One of the most interesting stories in the rich history of the state of Delaware is the internal struggle the state faced as a slave state that also had a large free black population during the mid-1800’s. This situation led local activists to risk their lives and their freedom to participate in helping slaves escape through Delaware and onto Pennsylvania via the Underground Railroad.
Today, visitors to the Greater Wilmington, Delaware area can explore several different historic landmarks and museums that are dedicated to preserving the history of those who were willing to risk everything to do what they believed to be right. If you are planning a weekend in or around Wilmington and would like to learn more about the history of Delaware’s Underground Railroad, these are few of the places along the Harriet Tubman Underground Railroad Byway to stop and learn more about this remarkable story.
Located at Market Street along the Christina River, this park was named in honor of the legendary Harriet Tubman, as well as Delaware Underground Railroad stationmaster Thomas Garrett and is a designated Network to Freedom site. The park is positioned near the bridge that led many escaped slaves into Wilmington, and is also located close to the former site of Garrett’s home on Shipley Street. And although Garrett’s home no longer stands, you will find a historical marker in its place and it too is designated an official Network to Freedom site.
Visitors to the park today will find a mile-long scenic walkway that is lined with interpretive panels that describe the history of the Underground Railroad in Delaware, and the park serves as a place for celebration and festivals on Wilmington’s Riverfront. Popular events include the Bob Marley Festival, Riverfront Blues Festival and August Quarterly among others.
Delaware History Museum and Wilmington Old Town Hall
Another local destination that is dedicated to preserving the history of the Delaware Underground Railroad is the Delaware History Museum, which houses the Jane and Littleton Mitchell Center for African American Heritage. Here you will find letters and artifacts that offer deep insight into what life was like for many different people involved with keeping the Underground Railroad going.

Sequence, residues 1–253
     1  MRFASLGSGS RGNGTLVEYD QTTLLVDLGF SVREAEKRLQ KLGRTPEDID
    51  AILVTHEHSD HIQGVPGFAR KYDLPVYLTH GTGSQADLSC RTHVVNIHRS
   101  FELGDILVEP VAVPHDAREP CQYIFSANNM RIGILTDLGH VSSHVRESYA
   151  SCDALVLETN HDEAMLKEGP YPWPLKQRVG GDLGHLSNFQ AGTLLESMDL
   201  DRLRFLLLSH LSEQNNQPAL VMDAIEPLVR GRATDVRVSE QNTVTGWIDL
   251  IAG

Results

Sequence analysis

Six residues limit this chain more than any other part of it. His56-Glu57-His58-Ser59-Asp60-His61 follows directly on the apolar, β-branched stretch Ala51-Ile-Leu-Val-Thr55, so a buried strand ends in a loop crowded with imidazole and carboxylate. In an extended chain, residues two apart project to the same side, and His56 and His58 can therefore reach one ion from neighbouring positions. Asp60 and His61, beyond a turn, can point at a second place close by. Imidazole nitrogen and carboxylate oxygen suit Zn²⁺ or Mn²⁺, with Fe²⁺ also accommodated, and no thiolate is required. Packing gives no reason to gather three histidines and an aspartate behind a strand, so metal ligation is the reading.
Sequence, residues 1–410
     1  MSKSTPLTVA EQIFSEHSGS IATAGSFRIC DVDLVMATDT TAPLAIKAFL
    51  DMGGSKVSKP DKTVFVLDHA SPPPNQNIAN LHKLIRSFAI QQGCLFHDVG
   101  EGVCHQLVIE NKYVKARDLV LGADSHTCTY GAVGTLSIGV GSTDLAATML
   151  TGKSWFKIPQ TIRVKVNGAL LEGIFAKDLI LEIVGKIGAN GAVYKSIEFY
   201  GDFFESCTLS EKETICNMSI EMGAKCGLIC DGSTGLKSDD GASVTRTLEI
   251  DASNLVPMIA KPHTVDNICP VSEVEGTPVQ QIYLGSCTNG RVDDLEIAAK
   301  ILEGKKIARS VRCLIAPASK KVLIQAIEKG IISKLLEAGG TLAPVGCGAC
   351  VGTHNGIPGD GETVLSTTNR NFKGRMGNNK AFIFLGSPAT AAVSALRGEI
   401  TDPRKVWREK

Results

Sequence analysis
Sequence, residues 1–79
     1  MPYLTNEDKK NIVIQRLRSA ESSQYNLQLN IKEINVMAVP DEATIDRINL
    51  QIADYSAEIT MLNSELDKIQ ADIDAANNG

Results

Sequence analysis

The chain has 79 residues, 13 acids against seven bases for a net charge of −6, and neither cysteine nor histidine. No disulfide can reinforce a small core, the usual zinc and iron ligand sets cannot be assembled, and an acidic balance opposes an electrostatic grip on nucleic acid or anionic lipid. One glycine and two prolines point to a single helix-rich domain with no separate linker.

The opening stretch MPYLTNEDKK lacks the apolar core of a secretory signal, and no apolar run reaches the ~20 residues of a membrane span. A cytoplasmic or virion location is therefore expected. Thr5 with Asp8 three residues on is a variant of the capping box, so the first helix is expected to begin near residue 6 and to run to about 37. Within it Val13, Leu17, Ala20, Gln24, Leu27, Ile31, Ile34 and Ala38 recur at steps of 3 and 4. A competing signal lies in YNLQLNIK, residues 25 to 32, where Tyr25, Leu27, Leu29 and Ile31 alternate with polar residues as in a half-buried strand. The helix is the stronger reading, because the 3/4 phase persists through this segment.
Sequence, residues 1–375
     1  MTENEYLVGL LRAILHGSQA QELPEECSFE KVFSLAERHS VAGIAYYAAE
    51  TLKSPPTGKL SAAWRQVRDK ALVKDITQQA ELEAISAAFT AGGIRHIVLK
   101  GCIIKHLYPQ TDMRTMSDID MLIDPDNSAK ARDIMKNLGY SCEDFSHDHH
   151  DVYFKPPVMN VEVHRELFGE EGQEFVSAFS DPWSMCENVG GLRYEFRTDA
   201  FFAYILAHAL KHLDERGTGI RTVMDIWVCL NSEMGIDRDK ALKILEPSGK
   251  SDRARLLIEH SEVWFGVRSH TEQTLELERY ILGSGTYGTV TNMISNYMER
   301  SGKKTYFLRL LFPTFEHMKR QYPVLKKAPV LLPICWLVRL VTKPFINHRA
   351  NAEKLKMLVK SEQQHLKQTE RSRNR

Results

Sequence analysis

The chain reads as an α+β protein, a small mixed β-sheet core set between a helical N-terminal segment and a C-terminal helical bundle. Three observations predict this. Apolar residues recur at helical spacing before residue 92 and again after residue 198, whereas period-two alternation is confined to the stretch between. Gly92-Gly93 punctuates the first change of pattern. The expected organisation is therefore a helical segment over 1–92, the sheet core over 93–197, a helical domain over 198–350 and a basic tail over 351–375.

Attached directly to the Delaware History Museum is Wilmington’s Old Town Hall. Here you will find the site of the former city jail which once held captured freedom seekers, and ironically, was also once a meeting place for abolitionist.
New Castle Court House Museum
One of the most significant stories of the Underground Railroad in Delaware can be found at the New Castle Court House Museum in Old New Castle. Here you will find an exhibit dedicated to telling the story of Emeline Hawkins and her family as they daringly escaped slavery in 1845. The Courthouse Museum, site of the 1848 abolitionist trials, also features exhibits on Thomas Garrett, John Hunn, and Samuel Burris.
This historic German designed home from the 1770’s in Odessa, Delaware, about 30 minutes south of Wilmington, was one of the many hiding places for runaway slaves along the Underground Railroad in the First State. Here you can learn the story of Sam a fugitive slave, who was hidden by Mary Corbit inside a small attic crawlspace while local authorities searched the house for him in 1845. The Corbit-Sharp house is a designated Network to Freedom site.
Old State House Museum
Moving a bit south into Dover, the Old State House Museum is another wealth of information about the history of the Underground Railroad in Delaware. Here you will learn the story of Samuel Burris, who was an Underground Railroad conductor that was captured and convicted before being purchased by abolitionist friends who helped him escape the state.
John Dickinson Plantation
While in Dover, you will also want to stop at the John Dickinson Plantation, which was home to more than 60 slaves at the height of slavery in the United States. Dickinson was one of the founding fathers of the United States and one of the signers of the U.S. Constitution, and his home would later be known as one of the best examples of slaves expressing their discontent through attempts at escaping.
These are just a sampling of the sites located along Delaware’s Harriet Tubman Underground Railroad Byway. The full byway stretches from the Maryland-Delaware boarder through Kent County, Delaware and continues north passing through Smyrna, Middletown and Odessa then follows Route 9 along the Delaware River to New Castle and Wilmington and eventually to the Delaware-Pennsylvania state line.
No matter how much you know about the history of slavery in Delaware, there is a tremendous amount to be learned from the people who struggled through one of the most difficult times in our country’s history. These historical landmarks and museums offer tremendous insight into the people who guided us through those periods, which makes for an interesting learning experience.